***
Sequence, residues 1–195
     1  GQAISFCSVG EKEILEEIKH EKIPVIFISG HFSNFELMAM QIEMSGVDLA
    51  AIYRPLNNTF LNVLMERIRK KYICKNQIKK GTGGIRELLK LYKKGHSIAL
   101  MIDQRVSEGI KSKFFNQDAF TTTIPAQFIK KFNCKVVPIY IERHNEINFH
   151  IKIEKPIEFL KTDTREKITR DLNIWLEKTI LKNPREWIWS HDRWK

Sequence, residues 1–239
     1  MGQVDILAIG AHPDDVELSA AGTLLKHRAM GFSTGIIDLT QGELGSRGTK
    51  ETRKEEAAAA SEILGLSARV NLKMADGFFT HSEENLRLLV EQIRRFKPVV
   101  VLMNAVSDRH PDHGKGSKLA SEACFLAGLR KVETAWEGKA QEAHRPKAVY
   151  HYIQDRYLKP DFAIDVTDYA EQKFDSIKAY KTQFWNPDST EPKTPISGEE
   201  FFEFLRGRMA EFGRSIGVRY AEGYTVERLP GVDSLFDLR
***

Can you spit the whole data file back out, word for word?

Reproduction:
Sequence, residues 1–195
     1  GQAISFCSVG EKEILEEIKH EKIPVIFISG HFSNFELMAM QIEMSGVDLA
    51  AIYRPLNNTF LNVLMERIRK KYICKNQIKK GTGGIRELLK LYKKGHSIAL
   101  MIDQRVSEGI KSKFFNQDAF TTTIPAQFIK KFNCKVVPIY IERHNEINFH
   151  IKIEKPIEFL KTDTREKITR DLNIWLEKTI LKNPREWIWS HDRWK

Sequence, residues 1–239
     1  MGQVDILAIG AHPDDVELSA AGTLLKHRAM GFSTGIIDLT QGELGSRGTK
    51  ETRKEEAAAA SEILGLSARV NLKMADGFFT HSEENLRLLV EQIRRFKPVV
   101  VLMNAVSDRH PDHGKGSKLA SEACFLAGLR KVETAWEGKA QEAHRPKAVY
   151  HYIQDRYLKP DFAIDVTDYA EQKFDSIKAY KTQFWNPDST EPKTPISGEE
   201  FFEFLRGRMA EFGRSIGVRY AEGYTVERLP GVDSLFDLR